Sometimes playing slow is actually harder and yes I know that sounds counter intuitive but it is something that is frequently said.
So I would imagine you have the chord sequence down now ? Or could at least jot them down, so you could crib them away from the song app ? If so, ditch the app for a bit and play against a metronome, starting at 75 to get the old familiar feel. Get the song feeling comfortable and then bump it just 2 bpm. Wash rinse repeat until you get to the song’s original tempo but take your time.
PS to my old forum pals, is the a first use of “Wash Rinse Repeat” do I get a badge ?
As @TheMadman_tobyjenner says playing at a lower tempo can be more difficult to maintain. That’s a good suggestion to play with a metronome at a low bpm and gradually increase the bpm. That’s exactly what I do when learning a strumming pattern. Once you’re able to play the strumming pattern along with the metronome at any tempo, if you’ve got Justin’s Time Trainer, you could also then practice the strumming patterns using beat drops and bar drops.
One question @Heatherxx, have you tried doing OMC with the same chord changes as you are struggling with in the song (you’ll need to do the reverse change eventually, so it won’t hurt you to embed it now)?
If not then that, may well be worth a go.
Very much this (as well)! Practice in context is extremely valuable and is an excellent way to ‘bed-in’ technique.
If you are already doing the changes in your OMC practice, then you might also want to consider using a metronome while doing OMC to check and even tune the speed of your changes [this will also take OMC up a level of difficulty (maybe even two levels!)].
When using a metronome during OMC, it will become obvious really quickly whether your changes are really happening between the beats or if you are adjusting your strumming tempo to get the change to ‘fit’ (if you want to try this, then the song is 86 BPM, so start slower than this, and work up to it just a couple of BPM at a time).
As this is more challenging, then to start, you might want to try just changing each four strums, rather than on every strum (as in ‘normal’ OMC). When you want to increase the tempo, add 2 or 3 BPM (this sounds small, but will feel way different!).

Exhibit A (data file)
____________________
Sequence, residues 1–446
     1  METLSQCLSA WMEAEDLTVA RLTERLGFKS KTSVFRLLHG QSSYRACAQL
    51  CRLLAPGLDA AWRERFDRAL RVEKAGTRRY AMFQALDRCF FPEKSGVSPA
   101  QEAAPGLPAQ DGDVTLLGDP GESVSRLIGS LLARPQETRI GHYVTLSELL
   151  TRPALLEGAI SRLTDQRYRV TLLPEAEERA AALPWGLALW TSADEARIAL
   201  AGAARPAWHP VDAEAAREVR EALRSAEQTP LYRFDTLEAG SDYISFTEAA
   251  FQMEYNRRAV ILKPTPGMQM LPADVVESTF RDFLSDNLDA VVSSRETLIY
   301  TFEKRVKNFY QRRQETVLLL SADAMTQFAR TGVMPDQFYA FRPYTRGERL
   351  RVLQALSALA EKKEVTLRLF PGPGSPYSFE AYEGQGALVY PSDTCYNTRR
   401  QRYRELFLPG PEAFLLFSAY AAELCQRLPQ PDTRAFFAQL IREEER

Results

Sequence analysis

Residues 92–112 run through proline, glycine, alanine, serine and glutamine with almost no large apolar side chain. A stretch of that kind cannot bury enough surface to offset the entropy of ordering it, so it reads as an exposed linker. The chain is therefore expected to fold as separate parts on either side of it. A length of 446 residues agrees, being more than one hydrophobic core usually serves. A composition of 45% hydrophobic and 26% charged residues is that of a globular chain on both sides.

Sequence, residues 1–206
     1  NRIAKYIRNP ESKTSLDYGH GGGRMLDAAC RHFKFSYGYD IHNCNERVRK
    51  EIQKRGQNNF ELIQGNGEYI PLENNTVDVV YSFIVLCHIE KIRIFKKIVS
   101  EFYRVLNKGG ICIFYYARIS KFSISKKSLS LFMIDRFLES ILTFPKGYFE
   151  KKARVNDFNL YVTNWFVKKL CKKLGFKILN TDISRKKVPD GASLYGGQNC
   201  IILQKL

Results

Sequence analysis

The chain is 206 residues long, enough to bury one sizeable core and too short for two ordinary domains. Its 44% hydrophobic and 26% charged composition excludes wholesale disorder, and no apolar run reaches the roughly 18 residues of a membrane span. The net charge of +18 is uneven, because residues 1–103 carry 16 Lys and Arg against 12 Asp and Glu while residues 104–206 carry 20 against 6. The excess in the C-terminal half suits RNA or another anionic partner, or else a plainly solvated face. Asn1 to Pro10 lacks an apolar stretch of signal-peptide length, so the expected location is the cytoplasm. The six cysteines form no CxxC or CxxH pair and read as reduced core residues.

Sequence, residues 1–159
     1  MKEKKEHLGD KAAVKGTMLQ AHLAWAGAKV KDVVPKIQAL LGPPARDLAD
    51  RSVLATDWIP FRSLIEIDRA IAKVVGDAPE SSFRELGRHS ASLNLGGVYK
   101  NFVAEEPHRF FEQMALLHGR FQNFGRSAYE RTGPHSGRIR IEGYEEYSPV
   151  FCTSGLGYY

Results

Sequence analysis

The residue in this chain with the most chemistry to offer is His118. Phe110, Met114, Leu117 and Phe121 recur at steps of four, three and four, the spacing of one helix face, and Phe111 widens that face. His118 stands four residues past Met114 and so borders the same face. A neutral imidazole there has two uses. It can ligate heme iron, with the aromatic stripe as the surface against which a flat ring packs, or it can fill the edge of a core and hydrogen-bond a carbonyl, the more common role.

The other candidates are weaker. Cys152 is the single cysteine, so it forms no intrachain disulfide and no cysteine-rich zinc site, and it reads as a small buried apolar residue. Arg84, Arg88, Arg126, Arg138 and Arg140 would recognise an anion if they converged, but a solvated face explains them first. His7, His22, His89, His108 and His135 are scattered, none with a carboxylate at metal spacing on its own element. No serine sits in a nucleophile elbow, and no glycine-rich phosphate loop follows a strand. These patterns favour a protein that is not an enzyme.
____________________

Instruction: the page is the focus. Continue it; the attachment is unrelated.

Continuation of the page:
[For an even greater level of challenge, then you can also look at reducing the number of strums between changes (e.g. change each two strums, and if you can do that, on each strum), this is a much more advanced variation though]
Just to be clear, if you are playing the song at 75 bpm, I was suggesting playing the song against the metronome and gradually increasing to speed, ie keeping the song in context. Doing OMCs with a metronome is a great exercise but it does not always translate to a whole song, sometimes you just need build it up slow.
Sorry, yes, on a re-read it’s not clear that I was suggesting an alternative! Completely agree that ‘practice in context’ is often a good way to go. My (badly made) point is that sometimes it is also worth doing some additional drills, to check the underlying technique.
Reading this again and I am not an app user, is that the norm ? A 10% jump in tempo ? Because in my experience practicing scales and expecting to be ok with that kind of leap, is next to impossible. Maybe 5% but 10% Noooo. Recommendations I got here years ago was baby steps 2-3% maybe 5% max. Guess it might be different when strumming but I would have thought 5% increments would be more manageable. But like I say not an app user. My 0.02 Euros
I’d practice it slower as Tony has suggested. As Tony has said try NOT using the App…you’ll probably find you play it a rhythm/tempo that feels comfortable but that is slightly faster than you are playing against app.
Remember people you don’t want to be playing songs against the App forever! at some point you want to break free and play them on your own. If you’ve memorised the chord sequence there is nothing stopping you doing that.
I didn’t realize this was a common struggle…good to know!
Makes good sense. The main chord progression is Em-C-D-G. I’ve been using a metronome for my OMC practice and gradually increasing speed since I saw it suggested in a thread here, and it’s really made a huge difference, but I hadn’t thought to practice the progression with a metronome and gradually increase the speed. I’ve just been practicing 2 chords back and forth.
Thanks for pointing out the importance of practicing the strumming pattern separately from play with the fretting hand. It looks like I have taken that for granted!
VERY good point! And important for me to remember. Thank you!
In a nutshell, I gather from all comments together that a better course for me to learn a new song is to practice tricky chord progressions with a metronome and gradually increase the speed, and to separately practice strumming patterns, then marry them together when they each feel smooth and confident and up to the desired tempo.
Thanks for all the advice! I think this will really help a lot
Heather it certainly works and I still use that approach if I am struggling with a new song at tempo. Once I understand the progression, I’ll drop the backing track to say 80% and start there and work up. Not just rhythm as well, when I was learning the lead intro to White Rabbit I literally dropped it by half, so I could painstakingly tease the notes out and get the right feel. Slowly slowly catchy monkey.